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MIT 24-Hour Challenge goes for tau on Pi Day

At MIT, collaboration is key. The MIT 24-Hour Challenge, on March 14, is inviting alumni and friends around the world to join the team.
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On March 14, MIT is launching its second annual MIT 24-Hour Challenge to benefit students, faculty, staff, and programs at the Institute.
On March 14, MIT is launching its second annual MIT 24-Hour Challenge to benefit students, faculty, staff, and programs at the Institute.
Photo courtesy of the MIT 24-Hour Challenge
Students benefit from donations to the MIT 24-Hour Challenge.
Students benefit from donations to the MIT 24-Hour Challenge.
Photo courtesy of the MIT 24-Hour Challenge

When does “pi” equal “tau?”

That is the riddle that the MIT Alumni Association is hoping MIT alumni and friends will answer on March 14, when it kicks off its second MIT 24-Hour Challenge. The goal of this year’s challenge is to reach a tau-inspired 6,283 donors on Pi Day. 

Last year’s inaugural MIT 24-Hour Challenge launched Pi Day at midnight EST with a goal of 1,500 donors, which it reached by 10:00 a.m. By day’s end, the 2017 event drew more than 6,000 donors contributing $3.8 million to support the Institute’s students, faculty, and programs.

“It is fitting that the theme of this year’s challenge is ‘collaboration,’” says Whitney Espich, MIT Alumni Association CEO. “There is likely not a single achievement or idea to come out of MIT that has not benefited from teamwork. Last year’s event demonstrated again that this community will always come together in support of something greater—in this case, raising funds to help MIT make a better world.”

The Alumni Association is hoping for an even greater response this year, as there is another key incentive for participation: If the challenge reaches its donor goal, it will unlock a pi-themed $314,159 challenge gift from an anonymous donor.

In addition, there are nearly 60 microchallenges throughout the day—smaller giving campaigns organized by various on-campus programs and student groups, academic departments, labs, and centers; plus scholarships.

Raffaela Wakeman ’08, SM ’09, an MIT Alumni Association board member and co-chair of the 10th Reunion Gift Committee, is hoping that her fellow young alumni will turn out for the MIT10 microchallenge. At stake: If 314 graduates from the last decade donate, the MIT10 microchallenger will give $5,000 to MIT (and if they get to 628 donors, that gift will become $10,000).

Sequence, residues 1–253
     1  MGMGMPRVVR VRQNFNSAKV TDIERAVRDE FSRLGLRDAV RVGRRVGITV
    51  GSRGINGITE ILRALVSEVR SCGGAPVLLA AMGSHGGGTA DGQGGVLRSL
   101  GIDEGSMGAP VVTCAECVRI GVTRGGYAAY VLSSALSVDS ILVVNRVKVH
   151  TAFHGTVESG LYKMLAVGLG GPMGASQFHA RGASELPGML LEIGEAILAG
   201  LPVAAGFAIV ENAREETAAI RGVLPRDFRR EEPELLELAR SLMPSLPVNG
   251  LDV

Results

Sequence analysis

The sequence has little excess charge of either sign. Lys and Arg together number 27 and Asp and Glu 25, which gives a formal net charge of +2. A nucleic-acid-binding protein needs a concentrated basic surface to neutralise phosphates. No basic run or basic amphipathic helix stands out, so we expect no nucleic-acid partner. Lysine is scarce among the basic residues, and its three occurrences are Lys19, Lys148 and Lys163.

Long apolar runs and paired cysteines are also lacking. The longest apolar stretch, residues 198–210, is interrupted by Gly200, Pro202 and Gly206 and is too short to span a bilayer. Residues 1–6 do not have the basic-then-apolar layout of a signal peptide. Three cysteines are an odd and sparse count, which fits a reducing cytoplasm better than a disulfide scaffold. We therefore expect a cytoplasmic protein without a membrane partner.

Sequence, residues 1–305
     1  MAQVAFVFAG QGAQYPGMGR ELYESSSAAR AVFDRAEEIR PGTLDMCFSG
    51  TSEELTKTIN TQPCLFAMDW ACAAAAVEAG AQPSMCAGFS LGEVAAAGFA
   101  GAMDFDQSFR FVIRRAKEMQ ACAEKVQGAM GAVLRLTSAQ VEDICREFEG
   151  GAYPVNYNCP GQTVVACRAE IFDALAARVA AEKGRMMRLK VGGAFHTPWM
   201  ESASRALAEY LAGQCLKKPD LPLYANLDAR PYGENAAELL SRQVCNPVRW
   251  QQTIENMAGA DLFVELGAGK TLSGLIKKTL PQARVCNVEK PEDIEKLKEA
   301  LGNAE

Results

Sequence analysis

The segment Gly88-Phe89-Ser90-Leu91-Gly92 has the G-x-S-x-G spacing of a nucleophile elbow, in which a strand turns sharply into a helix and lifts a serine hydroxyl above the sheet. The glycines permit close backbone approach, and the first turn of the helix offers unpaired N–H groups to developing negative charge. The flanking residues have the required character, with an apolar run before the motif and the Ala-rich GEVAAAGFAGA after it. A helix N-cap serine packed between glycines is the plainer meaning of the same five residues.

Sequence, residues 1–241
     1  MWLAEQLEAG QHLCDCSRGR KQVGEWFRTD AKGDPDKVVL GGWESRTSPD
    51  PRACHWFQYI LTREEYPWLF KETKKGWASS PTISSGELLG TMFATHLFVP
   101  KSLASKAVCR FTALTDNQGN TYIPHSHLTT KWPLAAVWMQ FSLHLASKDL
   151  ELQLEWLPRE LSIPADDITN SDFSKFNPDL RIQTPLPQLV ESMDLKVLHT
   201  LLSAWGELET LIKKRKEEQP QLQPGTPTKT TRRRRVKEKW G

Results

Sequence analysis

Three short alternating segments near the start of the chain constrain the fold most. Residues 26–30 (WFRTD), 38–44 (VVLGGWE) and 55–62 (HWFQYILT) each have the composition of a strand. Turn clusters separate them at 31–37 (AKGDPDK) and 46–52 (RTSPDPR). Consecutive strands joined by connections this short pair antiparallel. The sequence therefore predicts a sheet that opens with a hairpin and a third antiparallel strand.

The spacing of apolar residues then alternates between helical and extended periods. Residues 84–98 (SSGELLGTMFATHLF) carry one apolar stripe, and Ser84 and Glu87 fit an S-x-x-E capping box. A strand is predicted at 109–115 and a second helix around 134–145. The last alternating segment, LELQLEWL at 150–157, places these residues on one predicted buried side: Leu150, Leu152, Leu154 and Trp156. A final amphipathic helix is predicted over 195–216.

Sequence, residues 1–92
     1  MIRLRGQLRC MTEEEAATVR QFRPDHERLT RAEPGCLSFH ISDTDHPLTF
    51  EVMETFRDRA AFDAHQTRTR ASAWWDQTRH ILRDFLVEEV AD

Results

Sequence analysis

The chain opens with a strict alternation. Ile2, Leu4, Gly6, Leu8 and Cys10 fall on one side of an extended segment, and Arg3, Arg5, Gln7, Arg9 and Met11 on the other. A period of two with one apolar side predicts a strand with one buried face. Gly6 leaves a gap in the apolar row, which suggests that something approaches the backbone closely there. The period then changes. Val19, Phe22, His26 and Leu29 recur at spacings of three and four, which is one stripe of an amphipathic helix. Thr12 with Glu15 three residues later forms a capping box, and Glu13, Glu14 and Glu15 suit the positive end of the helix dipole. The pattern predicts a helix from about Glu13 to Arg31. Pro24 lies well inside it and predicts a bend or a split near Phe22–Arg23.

“Looking back on my years of being MIT10, I have been proud to see each new class of alumni consistently stand up through their donations to say, ‘Hey, I want to make a difference for MIT students,’” says Wakeman, who lives in Arlington, Virginia. “After all, we are the closest temporally to the MIT student experience, but as alumni we also have seen the impact alumni giving can have on MIT students. I think we’re going to see a lot of MIT10 affirming this sentiment on Pi Day.”

For MIT departments such as biology, the MIT 24-Hour Challenge offers an opportunity to engage MIT alumni and friends of Course 7. The department is hoping to see support for its research aimed at understanding fundamental aspects of biological systems and its faculty and students working to translate this knowledge into medicine and drug development.  

MIT Corporation member Susan Whitehead, honorary MIT Alumni Association member and vice chairman of the Whitehead Institute for Biomedical Research, is partnering with the biology department to help meet its donor goal on Pi Day by offering a challenge gift.

“In today’s climate, the importance of funding basic science is being overlooked,” says Whitehead. “We must continue to make the case for all that basic science and its research has led to in recent years and where we would be without it. So please join me in participating at any level during this challenge and help support something that is bigger than any one of us. Let’s do it together!”

For the Priscilla King Gray (PKG) Center, philanthropic support from donors helps offset the costs of funding student-led projects designed to foster “more humane communities” around the world. With its microchallenge, PKG is hoping to get 40 donors to give on Pi Day to release a $5,000 challenge gift from an MIT alumnus—funds that can have a tangible impact on PKG projects.  

“Roughly half of the PKG center budget comes from annual donations, so contributions from alumni and friends on Pi Day are critical to our ability to sustain and grow our offerings to about 700 MIT students each year," says Kate Trimble, PKG senior director. “Having this support helps the PKG ensure that MIT students may have an opportunity to participate in rigorous, challenging, and meaningful public service.”

With the countdown to Pi Day on, the MIT Alumni Association is hoping that the MIT 24-Hour Challenge will mark a highpoint for MIT’s well-known collaborative community—and that whether its goals are pi-themed or tau-focused, the impact of the philanthropic response will be infinite.

Press Mentions

The Boston Globe

Cristela Guerra of The Boston Globe highlights Pi Day celebrations around Boston, including the Star Wars-themed MIT admissions decision video starring Dean of Admissions Stu Schmill as Luke Skywalker.

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